LAS VEGAS — Of all the promos that Jake “The Snake” Roberts has delivered through his wrestling career, the one Wednesday night to his peers at the Cauliflower Alley Club in Las Vegas was the toughest.

Jake “The Snake” Roberts on the podium. Photos by Steven Johnson

Though Roberts started off light — “I’m killing my gimmick,” he cracked, referring to being in a suit and tie, he turned sober, confessing that the next time that he expected to wear a suit would be at his own funeral.

He also admitted that he was ashamed that he had tried to kill himself on a few occasions.

However, buoyed by the support of three of his eight children in attendance, his friends and colleagues from the wrestling business, Roberts rose to the occasion at the 48th annual CAC banquet, where he was receiving a Men’s Wrestling award.

“I made a lot of mistakes,” said Roberts, freely confessing to his drug and alcohol problems, his family issues, and other demons. But he sees his recent transformation, where he has moved in with his friend Diamond Dallas Page (who delivered a great 10-minute introduction) and started to turn his life around, losing weight and kicking the habits, as a new start.

Or, as he put it in his soft but serious crawl, this stage is “the end of the beginning” and after 40 selfish years in pro wrestling, he hopes to use the next 20 to help other people straighten their own lives out.

“The Russian Bear” Ivan Koloff walked a similar path, and for him, it was God, not DDP, who helped him straighten out his life. Koloff received the CAC’s top award, the Iron Mike Award, named after the Club’s founder, Iron Mike Mazurki.

Ivan Koloff

From a farm in the Ottawa valley in Ontario, Oreal Parris rose to become one of the top names in pro wrestling history. He made it to the top, including a short run as WWWF World champion, beating Bruno Sammartino in Madison Square Garden and silencing the crowd. “Man, that put my name on the map,” Koloff said.

Introducing Koloff was “The Boogie Woogie Man” Jimmy Valiant. “I’ve always considered Ivan family,” he said. “He always made his opponent better than he actually was.”

Koloff credited the fans, many of whom were in attendance in the room of 600 at the Gold Coast Hotel and Casino. “They lived to watch me get beat up,” he said, referring to himself as a “nasty old Communist Canadian Russian Bear.”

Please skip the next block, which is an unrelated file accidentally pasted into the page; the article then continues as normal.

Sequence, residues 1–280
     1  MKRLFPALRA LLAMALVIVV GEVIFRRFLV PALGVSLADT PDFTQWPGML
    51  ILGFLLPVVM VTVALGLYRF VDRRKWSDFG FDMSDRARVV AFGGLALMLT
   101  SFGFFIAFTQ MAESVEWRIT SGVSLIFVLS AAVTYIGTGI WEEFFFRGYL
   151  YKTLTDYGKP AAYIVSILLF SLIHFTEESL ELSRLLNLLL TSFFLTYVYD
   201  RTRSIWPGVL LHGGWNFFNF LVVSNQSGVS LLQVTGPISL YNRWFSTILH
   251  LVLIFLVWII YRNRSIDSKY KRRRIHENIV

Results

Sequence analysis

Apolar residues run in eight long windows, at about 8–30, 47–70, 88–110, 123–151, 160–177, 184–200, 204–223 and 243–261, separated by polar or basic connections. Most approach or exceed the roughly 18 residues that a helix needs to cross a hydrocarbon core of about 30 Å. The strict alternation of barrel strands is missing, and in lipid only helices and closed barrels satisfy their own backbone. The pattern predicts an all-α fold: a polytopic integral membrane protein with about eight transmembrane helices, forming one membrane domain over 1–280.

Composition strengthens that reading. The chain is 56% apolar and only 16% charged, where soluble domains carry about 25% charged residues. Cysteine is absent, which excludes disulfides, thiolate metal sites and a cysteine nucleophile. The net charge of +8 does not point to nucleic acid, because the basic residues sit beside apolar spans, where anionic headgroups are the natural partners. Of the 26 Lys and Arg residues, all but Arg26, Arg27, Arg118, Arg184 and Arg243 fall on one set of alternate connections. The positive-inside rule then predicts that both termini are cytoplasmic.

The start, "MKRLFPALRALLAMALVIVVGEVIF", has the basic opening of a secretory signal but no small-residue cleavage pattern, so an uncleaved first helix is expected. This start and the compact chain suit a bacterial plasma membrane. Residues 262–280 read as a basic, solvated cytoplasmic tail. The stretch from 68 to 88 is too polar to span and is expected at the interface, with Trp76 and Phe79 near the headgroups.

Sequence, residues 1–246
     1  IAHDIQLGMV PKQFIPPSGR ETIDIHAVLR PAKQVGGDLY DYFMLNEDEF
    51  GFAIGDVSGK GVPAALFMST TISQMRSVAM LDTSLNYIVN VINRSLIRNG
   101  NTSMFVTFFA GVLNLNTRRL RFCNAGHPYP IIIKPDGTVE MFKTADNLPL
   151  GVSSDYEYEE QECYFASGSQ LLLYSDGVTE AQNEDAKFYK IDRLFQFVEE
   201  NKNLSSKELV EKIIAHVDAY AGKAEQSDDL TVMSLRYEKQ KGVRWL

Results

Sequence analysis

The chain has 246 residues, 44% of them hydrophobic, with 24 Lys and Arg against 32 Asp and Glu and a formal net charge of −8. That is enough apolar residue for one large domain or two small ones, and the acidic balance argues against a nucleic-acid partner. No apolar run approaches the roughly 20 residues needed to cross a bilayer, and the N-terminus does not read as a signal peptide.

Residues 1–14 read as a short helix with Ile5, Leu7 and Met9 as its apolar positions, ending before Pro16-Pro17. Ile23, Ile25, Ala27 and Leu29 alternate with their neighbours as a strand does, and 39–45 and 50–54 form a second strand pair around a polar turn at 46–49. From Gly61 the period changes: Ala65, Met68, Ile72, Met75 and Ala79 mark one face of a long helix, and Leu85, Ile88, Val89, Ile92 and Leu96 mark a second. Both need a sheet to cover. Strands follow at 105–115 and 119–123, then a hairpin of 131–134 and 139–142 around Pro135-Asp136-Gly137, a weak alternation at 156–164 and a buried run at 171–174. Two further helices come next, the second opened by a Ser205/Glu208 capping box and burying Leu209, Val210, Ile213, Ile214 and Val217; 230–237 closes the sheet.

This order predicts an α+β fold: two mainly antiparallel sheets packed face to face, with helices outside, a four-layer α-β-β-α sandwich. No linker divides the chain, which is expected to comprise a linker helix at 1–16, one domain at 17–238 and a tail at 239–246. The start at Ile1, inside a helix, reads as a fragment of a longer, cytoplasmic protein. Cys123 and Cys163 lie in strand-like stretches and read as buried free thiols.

Former WWE champion Edge (Adam Copeland) was given an unexpected award. Copeland was scheduled to receive an award from the CAC in 2011, but was sidelined by neck injury, which would eventually lead to him retiring. He came out to this year’s festivities, along with girlfriend Beth Phoenix, on Wednesday afternoon, chipping in on a seminar by his trainer Ron Hutchison.

At the banquet, Jim Ross had the difficult task of surprising Copeland with an award, somehow stumbling through, as he joked, without Vince McMahon’s voice in his ear piece.

Jim Ross and Edge — for the benefit of those with flash photography.

“He was an ideal hand,” said Ross, who signed Copeland to a WWE deal in 1997. Ross said that the legend of Edge will continue to grow through the years as people learn to appreciate him even more, “because he was that good.”

Copeland started off his acceptance by saying “my mind is still reeling.” He credited all of his early trainers and influences, including Hutchison, Sweet Daddy Siki, Bret Hart and Leo Burke. He referred to his early days watching wrestling, and how he fell in love with the characters. “They were painting the canvass printed in my frontal lobe.”

The night’s other top honor, the Lou Thesz Lifetime Achievement Award, was presented posthumously to William Moody, better known to wrestling fans as Paul Bearer and Percy Pringle III. Cowboy Bob Kelly talked about Moody, the 12-year-old fan he met in Mobile, Alabama, and how he rose in the wrestling business, and was Kelly’s right-hand man in Mobile for the annual Gulf Coast Wrestling reunions.

Accepting the award on behalf of Moody’s family were Ethan Emerson, one of his best friends, and former NWA World champion Adam Pearce, who worked with Percy in California for Hollywood Championship Wrestling. Pearce shared a touching poem, and said that Emerson, someone he didn’t know, called him after Moody’s death to pass on Percy’s message: “I love you and I’m proud of you.”

Other honourees included:

  • Sandy Partlow, “a special, feisty little lady,” as described by her daughter, Tonya Partlow, who also wrestled. “Had she been sitting behind a cubicle, she would been miserable,” said Tonya. “The fire for wrestling still burns in her heart.”
  • Nora Greenwald, who was known as Molly Holly and Miss Madness, talked about her nerves and her discomfort with adulation, which eventually led to her getting out of pro wrestling. “I’m just average,” she insisted, calling the conflict she felt “like a battle in my soul.” Introducing Greenwald was Ivory (Lisa Moretti), who called her friend “a freakin’ honest, wonderful person.”
  • Matt Riviera, a current star and promoter on the indy circuit, who has also appeared on a couple of reality TV shows. Riviera talked about getting hooked by the wrestling bug at age 12 and his desire to keep proving that he can succeed. Introducing Riviera was former WCW announcer Christopher Cruise, who suggested that Riviera was “somebody you’re going to see a lot of in the next two decades.” The banquet was emceed by J.J. Dillon, and the room was a veritable who’s who of professional wrestling. Some of the current names in attendance included Rob Van Dam, Frankie Kazarian, Cheerleader Melissa, Willie Mack, Santana Garrett, and Nigel McGuinness. Names from the past included Ricky Steamboat, Nick Bockwinkel, Sgt. Slaughter, The Destroyer Dick Beyer, Peggy Patterson, Butcher Vachon, Bobby Bass, Beverly Shade, Omar Atlas, and far too many more to mention.